Shock Levels are Point Estimates
This is a post from my blog, Space and Games. Michael Vassar has requested that I repost it here. I thought about revising it to remove the mind projection fallacy, but instead I left it in for you to find.
Eliezer Yudkowsky1999 famously categorized beliefs about the future into discrete “shock levels.” Michael Anissimov later wrote a nice introduction to future shock levels. Higher shock levels correspond to belief in more powerful and radical technologies, and are considered more correct than lower shock levels. Careful thinking and exposure to ideas will tend to increase one’s shock level.
If this is really true, and I think it is, shock levels are an example of human insanity. If you ask me to estimate some quantity, and track how my estimates change over time, you should expect it to look like a random walk if I’m being rational. Certainly I can’t expect that my estimate will go up in the future. And yet shock levels mostly go up, not down.
I think this is because people model the future with point estimates rather than probability distributions. If, when we try to picture the future, we actually imagine the single outcome which seems most likely, then our extrapolation will include every technology to which we assign a probability above 50%, and none of those that we assign a probability below 50%. Since most possible ideas will fail, an ignorant futurist should assign probabilities well below 50% to most future technologies. So an ignorant futurist’s point estimate of the future will indeed be much less technologically advanced than that of a more knowledgeable futurist.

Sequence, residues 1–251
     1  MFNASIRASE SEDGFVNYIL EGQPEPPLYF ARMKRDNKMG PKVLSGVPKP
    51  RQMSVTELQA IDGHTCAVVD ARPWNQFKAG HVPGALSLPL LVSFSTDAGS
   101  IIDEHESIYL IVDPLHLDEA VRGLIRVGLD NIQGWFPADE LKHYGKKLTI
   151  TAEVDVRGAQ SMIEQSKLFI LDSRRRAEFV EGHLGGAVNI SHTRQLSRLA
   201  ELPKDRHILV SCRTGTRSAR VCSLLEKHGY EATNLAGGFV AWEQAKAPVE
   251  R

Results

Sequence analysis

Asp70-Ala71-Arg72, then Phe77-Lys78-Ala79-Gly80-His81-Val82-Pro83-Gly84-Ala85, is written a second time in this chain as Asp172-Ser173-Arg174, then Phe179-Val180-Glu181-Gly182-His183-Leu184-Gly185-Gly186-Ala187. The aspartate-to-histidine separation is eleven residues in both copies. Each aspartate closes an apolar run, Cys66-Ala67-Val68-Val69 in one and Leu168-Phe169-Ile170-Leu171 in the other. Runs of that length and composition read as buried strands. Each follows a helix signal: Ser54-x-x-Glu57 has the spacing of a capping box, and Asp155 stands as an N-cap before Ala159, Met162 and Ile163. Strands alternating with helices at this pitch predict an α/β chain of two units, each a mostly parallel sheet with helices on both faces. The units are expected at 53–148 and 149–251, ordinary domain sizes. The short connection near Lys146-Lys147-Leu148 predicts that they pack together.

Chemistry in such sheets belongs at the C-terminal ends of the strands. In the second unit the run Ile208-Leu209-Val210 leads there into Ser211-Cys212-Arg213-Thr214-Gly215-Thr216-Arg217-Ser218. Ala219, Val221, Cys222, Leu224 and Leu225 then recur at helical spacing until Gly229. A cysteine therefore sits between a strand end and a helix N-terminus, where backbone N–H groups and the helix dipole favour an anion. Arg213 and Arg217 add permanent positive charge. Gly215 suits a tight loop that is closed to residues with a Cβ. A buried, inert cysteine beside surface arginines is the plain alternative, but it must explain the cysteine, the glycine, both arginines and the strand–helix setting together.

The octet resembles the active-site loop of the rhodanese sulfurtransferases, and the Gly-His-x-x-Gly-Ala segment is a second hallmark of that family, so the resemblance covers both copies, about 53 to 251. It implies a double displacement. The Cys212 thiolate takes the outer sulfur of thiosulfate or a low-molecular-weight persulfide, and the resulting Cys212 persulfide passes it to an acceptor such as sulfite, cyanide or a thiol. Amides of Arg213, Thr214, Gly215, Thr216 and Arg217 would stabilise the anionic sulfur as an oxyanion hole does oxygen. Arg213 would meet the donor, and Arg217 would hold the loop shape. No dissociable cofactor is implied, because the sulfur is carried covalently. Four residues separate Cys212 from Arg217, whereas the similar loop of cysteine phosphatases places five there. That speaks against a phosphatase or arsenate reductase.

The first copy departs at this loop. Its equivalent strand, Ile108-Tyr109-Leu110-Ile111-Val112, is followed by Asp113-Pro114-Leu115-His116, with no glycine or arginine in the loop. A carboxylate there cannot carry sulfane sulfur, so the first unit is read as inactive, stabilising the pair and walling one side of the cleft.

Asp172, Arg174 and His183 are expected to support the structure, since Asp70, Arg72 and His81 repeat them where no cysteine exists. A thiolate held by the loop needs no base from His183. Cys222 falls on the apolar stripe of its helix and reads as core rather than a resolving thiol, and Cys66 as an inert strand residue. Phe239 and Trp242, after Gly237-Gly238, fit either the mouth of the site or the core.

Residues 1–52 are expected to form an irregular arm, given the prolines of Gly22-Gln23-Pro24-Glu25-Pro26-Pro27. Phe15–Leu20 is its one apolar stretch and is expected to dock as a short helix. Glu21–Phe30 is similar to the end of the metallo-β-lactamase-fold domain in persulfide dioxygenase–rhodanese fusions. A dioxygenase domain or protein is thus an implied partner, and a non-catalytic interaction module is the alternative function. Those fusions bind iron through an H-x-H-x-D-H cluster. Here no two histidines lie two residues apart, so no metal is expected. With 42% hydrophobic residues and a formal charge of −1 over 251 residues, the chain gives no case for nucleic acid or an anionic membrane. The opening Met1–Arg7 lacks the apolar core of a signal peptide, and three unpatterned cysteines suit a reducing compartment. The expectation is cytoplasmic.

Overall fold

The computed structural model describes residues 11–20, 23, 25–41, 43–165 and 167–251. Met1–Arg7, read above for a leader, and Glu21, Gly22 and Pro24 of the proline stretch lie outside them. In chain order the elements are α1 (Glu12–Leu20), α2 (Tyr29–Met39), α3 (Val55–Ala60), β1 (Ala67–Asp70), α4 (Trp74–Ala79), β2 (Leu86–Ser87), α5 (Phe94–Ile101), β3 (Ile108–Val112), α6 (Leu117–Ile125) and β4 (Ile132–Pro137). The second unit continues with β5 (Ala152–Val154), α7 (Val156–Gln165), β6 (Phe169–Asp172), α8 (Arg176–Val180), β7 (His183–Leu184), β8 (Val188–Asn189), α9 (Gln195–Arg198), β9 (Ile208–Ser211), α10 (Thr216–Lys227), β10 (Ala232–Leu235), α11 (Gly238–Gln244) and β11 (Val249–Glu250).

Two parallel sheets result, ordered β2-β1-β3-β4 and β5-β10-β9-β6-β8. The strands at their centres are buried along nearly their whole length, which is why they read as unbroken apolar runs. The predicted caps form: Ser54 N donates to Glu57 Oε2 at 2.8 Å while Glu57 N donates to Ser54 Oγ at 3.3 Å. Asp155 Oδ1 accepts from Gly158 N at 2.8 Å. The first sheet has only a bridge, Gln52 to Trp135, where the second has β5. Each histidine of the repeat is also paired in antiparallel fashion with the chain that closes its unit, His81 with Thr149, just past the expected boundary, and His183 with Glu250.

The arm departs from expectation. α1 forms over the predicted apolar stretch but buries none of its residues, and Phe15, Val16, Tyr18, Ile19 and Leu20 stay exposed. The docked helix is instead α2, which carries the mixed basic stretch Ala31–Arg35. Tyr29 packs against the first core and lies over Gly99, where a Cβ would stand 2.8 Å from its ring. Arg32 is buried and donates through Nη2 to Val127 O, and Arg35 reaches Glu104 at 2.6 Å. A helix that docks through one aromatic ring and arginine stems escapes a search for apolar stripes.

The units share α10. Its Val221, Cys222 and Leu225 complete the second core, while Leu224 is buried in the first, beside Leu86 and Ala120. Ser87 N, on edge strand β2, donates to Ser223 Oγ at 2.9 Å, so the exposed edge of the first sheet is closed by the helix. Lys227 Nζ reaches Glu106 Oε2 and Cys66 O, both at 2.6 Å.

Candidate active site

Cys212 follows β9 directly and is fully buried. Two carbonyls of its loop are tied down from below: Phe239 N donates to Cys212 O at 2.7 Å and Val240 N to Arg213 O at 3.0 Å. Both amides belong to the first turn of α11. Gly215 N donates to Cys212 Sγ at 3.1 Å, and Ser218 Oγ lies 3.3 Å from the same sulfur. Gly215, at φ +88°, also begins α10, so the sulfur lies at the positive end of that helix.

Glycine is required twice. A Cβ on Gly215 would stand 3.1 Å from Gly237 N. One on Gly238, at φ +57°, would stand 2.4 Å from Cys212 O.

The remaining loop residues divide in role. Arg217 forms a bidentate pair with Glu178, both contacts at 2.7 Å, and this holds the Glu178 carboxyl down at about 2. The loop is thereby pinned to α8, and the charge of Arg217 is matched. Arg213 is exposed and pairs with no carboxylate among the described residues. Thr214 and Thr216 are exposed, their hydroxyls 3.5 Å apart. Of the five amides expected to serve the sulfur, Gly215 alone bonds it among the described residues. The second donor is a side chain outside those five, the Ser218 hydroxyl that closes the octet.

For example, suppose we are considering four possible future technologies: molecular manufacturing (MM), faster-than-light travel (FTL), psychic powers (psi), and perpetual motion (PM). If we ask how likely these are to be developed in the next 100 years, the ignorant futurist might assign a 20% probability to each. A more knowledgeable futurist might assign a 70% probability to MM, 8% for FTL, and 1% for psi and PM. If we ask them to imagine a plethora of possible futures, their extrapolations might be, on average, equally radical and shocking. But if they instead generate point estimates, the ignorant futurist would round the 20% probabilities down to 0, and say that no new technologies will be invented. The knowledgeable futurist would say that we’ll have MM, but no FTL, psi, or PM. And then we call the ignorant person “shock level 0″ and the knowledgeable person “shock level 3.”
So future shock levels exist because people imagine a single future instead of a plethora of futures. If futurists imagined a plethora of futures, then ignorant futurists would assign a low probability to many possible technologies, but would also assign a relatively high probability to many impossible technologies, and there would be no simple relationship between a futurist’s knowledge level and his or her expectation of the overall amount of technology that will exist in the future, although more knowledgeable futurists would be able to predict which specific technologies will exist. Shock levels would disappear.
I do think that shock level 4 is an exception. SL4 has to do with the shocking implications of a single powerful technology (superhuman intelligence), rather than a sum of many technologies.